The Lea-Francis Company began from humble beginnings, just as many other British firms of the same era evolved. In 1895 Richard Lea and Graham Francis combined their talents for the purpose of making bicycles and soon the Lea & Francis Ltd company had been formed in Coventry, England. The creation of bicycles soon led into motorcycles. In 1903 a separate company was formed for automobile production. The 3.5-liter three-cylinder tourer was designed by Alexander Craig and it came with a very hefty price tag. Only two cars were ever created and sold; the rights were later sold to the Singer organization.
The Lea and Francis duo would return to automobile production after the close of the war. This second attempt featured a four-cylinder engine that had a more modest displacement size, but one that was better suited to the vehicle. Just over 20 examples were created; though it was not a success, the partners decided to continue with automobile production. A new design was created and it was powered by an even smaller engine. It was introduced in 1923 and was more successful than its predecessors. By the mid-1920s, the company was making a profit.
In 1924 the Lea and Francis Company explored the racing market. They created a tourer that was propelled by a four-cylinder engine that produced 10 horsepower. It was raced at the Royal Automobile Club's Six-Day Trial where it performed rather well. In the years to come, the design would evolve culminating into many sport-touring designs all powered by overhead-valve engines. To increase power, the company adapted a Rootes-type supercharger in 1927. After continual improvements in both design and to the mechanical components, a Lea-Francis car won the Ulster Tourist Trophy Race in Ireland.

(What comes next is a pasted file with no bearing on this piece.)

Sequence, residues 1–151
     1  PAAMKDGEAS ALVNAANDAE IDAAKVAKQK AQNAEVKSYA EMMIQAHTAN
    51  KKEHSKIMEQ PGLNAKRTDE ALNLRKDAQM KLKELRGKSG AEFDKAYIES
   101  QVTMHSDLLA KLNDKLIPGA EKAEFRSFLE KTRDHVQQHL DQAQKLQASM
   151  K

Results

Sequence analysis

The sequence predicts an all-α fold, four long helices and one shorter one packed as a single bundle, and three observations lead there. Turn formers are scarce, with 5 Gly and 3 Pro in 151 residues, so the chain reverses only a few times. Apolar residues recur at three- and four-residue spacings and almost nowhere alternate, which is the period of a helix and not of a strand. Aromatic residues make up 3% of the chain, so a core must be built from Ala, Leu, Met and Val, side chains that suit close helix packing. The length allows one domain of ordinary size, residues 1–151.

When the company used the Meadows engine, such as in the car that won the Tourist Trophy, the cars were rather competitive and scored some significant victories. By the close of the 1920s, the company introduced the LFS 14/40 powered by a 1.7-liter twin-cam Vulcan-built engine. It had many problems resulting in a poor reputation for the Lea-Francis cars and diminished sales. By 1931, the company was in receivership. Mr. Francis had left the company years prior; now it was Richard Lea's turn. Production continued, though only 29 units were created in 1932. Sales would continue to drop in the years to come. By 1936, the company sold no vehicles; the assets of the company were sold.
The assets were purchased by Hugh Rose and George Leek, forming the Lea-Francis Engineering Ltd. in 1937. Between 1937 and the start of the Second World War, around a hundred examples of the Twelve and Fourteen were created.
During the War the company produced products in support of the war effort. This led to a profit which held production resume at the end of the War. In early 1946, a total of fourteen cars were created, all clothed in bodies created by the A.P Aircraft Ltd. Company. Two years later, the Eighteen sedan and two-seater sports car was introduced. These were quickly followed by station wagons known as Estate cars which would remain in production until 1954. 1954 was the year the Lea-Francis Company would leave automobile production and turn their attention to other products. In the very early 1960s, the company attempted a return to automobile production with a car known as the Lynx. It quickly disappeared and never attracted much excitement or attention.
In 1962, the company's assets were sold.2.5-Liter Eighteen
The Lea-Francis 2.5-liter Eighteen was introduced in 1950 and offered in both Sports Roadster trim and four-door saloon. The four-cylinder 2.5-liter overhead-valve engine produced nearly 100 horsepower and was mated to a four-speed manual gearbox. The elegant bodies were suspended in place by torsion bars in the front and a rigid axle in the rear with semi-elliptic leaf springs. A top speed of 90 mph was possible with the saloon and around 100 mph with the Sports Roadster.
In 1951, the Roadsters sold for $2800 while the Saloons fetched nearly $3900. Total production for both the Fourteen and Eighteen were rather modest, with around 600 combined units produced in 1951.By Daniel Vaughan | Feb 2008